Zorthian Ranch Gets Back to Its Roots

The New Los Angeles Folk Festival brings folk-inspired acts to the legendary bohemian enclave in the San Gabriel Mountains.

In its heyday, the Zorthian Ranch in the San Gabriel Mountains was a bohemian enclave where its owner Jirayr Zorthian held wild Bacchanalian parties.

On Saturday, it was the site of the (slightly more family-friendly) New Los Angeles Folk Festival, curated by L.A. Record editor Daiana Feuer. The all-day festival featured mostly-local acts from an emerging folk movement in Los Angeles.

Last year, the festival was held at HM157, a historic Victorian home in Lincoln Heights. This year the festival was able to spread out across four stages at the expansive, hilly ranch in the San Gabriel Mountains, just above the terminus of Fair Oaks Avenue.

Preparing the ranch for the festival took some work. Organizers called on volunteers to donate their time and money to restore the venue that they called "apocalyptically exotic."

That description isn't too far off. Roosters' crowing interrupted the performers. The ranch is littered with old art sculptures, vintage industrial equipment and rusted cars (although those may have been the musicians' rides) collected by Zorthian. Stages were set up near a dusty horse corral, a swimming pool overlooking the San Gabriel Valley and a lush terrace shaded by foliage.

The venue seemed appropriate for a festival that seeks to unify local acts under a broad umbrella that is traditional and experimental, nostalgic and forward-thinking.

“I felt like there were a lot of different music scenes in Los Angeles, but the [folk] one lacked unity and voice, so to speak," Feuer told AltadenaBlog. "I’m a music journalist, and I was telling people about all of these different folk-ish types of events, and they would tell me they didn’t really think there was much of an audience for those types of events.”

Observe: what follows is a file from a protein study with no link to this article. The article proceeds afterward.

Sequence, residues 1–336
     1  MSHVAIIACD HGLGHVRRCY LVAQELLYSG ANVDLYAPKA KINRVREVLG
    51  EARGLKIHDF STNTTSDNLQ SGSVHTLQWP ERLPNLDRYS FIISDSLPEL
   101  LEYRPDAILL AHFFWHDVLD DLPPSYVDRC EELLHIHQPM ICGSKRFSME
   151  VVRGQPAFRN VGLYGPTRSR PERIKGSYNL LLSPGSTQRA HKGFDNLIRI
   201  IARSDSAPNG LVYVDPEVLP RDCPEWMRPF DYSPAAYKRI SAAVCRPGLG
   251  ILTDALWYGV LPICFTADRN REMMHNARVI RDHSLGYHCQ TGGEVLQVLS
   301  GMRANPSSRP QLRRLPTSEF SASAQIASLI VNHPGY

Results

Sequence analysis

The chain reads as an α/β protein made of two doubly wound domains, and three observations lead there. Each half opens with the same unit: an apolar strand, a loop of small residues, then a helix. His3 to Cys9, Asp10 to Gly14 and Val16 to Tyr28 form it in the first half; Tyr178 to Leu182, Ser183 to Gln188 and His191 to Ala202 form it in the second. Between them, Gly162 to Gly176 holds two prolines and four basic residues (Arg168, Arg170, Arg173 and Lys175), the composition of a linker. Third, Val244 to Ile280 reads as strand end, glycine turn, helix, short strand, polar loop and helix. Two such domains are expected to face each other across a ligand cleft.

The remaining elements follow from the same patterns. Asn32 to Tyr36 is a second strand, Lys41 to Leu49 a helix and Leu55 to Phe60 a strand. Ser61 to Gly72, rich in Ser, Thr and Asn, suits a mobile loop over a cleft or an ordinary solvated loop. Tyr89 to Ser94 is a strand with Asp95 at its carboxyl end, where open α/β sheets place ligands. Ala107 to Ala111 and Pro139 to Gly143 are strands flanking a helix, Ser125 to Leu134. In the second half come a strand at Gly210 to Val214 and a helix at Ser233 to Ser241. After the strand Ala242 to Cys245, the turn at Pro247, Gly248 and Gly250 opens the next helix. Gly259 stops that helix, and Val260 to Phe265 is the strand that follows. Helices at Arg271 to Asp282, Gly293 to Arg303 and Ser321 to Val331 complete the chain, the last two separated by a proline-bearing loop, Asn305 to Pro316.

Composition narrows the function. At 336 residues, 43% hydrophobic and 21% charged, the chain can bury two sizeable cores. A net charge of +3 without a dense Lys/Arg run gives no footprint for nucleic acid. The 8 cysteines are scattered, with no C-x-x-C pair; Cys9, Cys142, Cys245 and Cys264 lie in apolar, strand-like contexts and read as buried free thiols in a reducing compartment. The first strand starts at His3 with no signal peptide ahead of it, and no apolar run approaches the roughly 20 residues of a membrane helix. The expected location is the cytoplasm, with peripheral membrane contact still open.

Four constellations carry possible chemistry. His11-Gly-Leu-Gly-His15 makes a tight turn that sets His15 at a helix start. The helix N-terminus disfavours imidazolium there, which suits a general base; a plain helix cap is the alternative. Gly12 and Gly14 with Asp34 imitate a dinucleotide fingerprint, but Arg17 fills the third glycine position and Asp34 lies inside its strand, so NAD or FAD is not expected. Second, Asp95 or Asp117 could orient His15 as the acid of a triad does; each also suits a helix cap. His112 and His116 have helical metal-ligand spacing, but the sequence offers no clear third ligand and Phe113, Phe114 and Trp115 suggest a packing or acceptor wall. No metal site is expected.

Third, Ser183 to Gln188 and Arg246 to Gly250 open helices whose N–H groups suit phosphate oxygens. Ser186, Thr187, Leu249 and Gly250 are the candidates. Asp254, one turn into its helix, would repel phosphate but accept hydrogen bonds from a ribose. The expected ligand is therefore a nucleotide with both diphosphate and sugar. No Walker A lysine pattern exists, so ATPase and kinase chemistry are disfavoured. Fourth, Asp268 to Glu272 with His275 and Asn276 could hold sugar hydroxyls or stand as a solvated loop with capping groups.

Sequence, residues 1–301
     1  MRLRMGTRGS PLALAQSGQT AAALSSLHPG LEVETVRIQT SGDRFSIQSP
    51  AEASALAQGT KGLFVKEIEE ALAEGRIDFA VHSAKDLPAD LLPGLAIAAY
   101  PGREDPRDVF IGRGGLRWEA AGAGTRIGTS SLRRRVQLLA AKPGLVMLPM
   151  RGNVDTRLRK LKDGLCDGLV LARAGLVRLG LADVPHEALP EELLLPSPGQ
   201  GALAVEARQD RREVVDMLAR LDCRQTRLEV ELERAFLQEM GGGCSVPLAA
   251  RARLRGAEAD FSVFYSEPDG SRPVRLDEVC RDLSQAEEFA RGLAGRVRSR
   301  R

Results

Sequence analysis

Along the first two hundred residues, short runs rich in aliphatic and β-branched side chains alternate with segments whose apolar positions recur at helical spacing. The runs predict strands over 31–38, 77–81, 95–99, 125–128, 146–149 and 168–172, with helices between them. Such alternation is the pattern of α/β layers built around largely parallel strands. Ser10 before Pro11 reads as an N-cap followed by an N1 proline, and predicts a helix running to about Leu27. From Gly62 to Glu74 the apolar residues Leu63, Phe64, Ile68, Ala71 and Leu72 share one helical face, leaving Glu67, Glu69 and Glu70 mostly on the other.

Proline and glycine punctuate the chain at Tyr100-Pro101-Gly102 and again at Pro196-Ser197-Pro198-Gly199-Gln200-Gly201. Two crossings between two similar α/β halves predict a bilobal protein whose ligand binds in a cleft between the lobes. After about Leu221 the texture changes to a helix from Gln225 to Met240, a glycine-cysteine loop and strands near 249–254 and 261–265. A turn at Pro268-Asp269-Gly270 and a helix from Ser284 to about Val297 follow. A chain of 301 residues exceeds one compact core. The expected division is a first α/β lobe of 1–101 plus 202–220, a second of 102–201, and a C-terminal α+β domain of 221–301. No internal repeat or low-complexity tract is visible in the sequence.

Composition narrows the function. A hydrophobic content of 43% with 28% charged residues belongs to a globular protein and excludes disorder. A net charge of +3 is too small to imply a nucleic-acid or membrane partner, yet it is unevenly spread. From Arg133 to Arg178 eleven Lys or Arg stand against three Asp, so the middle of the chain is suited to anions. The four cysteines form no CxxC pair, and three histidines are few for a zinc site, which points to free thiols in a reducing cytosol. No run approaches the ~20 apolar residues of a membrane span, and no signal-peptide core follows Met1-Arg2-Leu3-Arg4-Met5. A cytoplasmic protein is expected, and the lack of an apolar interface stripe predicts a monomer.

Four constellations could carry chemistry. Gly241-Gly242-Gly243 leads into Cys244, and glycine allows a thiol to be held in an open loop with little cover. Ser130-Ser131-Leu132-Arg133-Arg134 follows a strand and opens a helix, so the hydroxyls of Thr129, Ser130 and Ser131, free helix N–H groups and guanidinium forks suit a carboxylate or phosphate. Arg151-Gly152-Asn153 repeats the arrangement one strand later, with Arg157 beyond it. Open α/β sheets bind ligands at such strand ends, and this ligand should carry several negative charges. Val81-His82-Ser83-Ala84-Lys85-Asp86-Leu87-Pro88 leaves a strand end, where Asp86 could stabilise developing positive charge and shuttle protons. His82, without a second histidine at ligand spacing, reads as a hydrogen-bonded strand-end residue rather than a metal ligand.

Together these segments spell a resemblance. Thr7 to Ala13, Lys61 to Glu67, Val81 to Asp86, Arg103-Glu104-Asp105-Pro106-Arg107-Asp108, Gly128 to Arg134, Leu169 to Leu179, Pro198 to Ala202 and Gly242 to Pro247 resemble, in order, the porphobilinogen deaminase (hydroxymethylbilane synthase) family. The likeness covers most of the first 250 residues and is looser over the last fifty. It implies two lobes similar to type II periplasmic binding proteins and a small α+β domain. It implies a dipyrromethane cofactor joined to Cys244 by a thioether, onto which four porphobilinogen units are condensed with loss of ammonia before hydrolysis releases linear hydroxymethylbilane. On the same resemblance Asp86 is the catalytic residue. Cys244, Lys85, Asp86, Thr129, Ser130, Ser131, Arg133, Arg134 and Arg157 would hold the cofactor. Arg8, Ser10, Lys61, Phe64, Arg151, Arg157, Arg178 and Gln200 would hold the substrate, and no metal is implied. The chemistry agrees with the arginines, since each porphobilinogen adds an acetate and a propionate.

The festival featured nearly 30 acts that included jazzy standards from Pasadena local Jenny Luna, folk-traditionalist Frank Fairfield, square dancing veterans Triple Chicken Foot and the fuzzy guitars of Stone Darlings.

Proceeds from the festival benefit iLoveMountains.org, an organization dedicated to ending mountaintop removal coal-mining in Appalachia.

We took a few videos and posted a gallery of photos from the festival to the right. If you'd like to hear more of the acts featured, Buzz Bands has put together a New Los Angeles Folk Fest mix tape here. The festival also has selected clips from its line-up here.

Joy Jalapit August 10, 2011 at 05:01 PM
I did enjoy the venue! Although originally more Bohemian, the setting did evoke a nostalgia of a more carefree, old-roots, moutaineer time. Mostly on account of the scattered junk-turned-treasure elements, the animals, early 1900-1970 clad guests, its four unique stages and of course, the music. Bands like Cowboy and Indian, Dustbowl Revival and RT and the 44s really got the guests moving, but square dancing with Triple Chicken Foot was one of the highlights of the evening!


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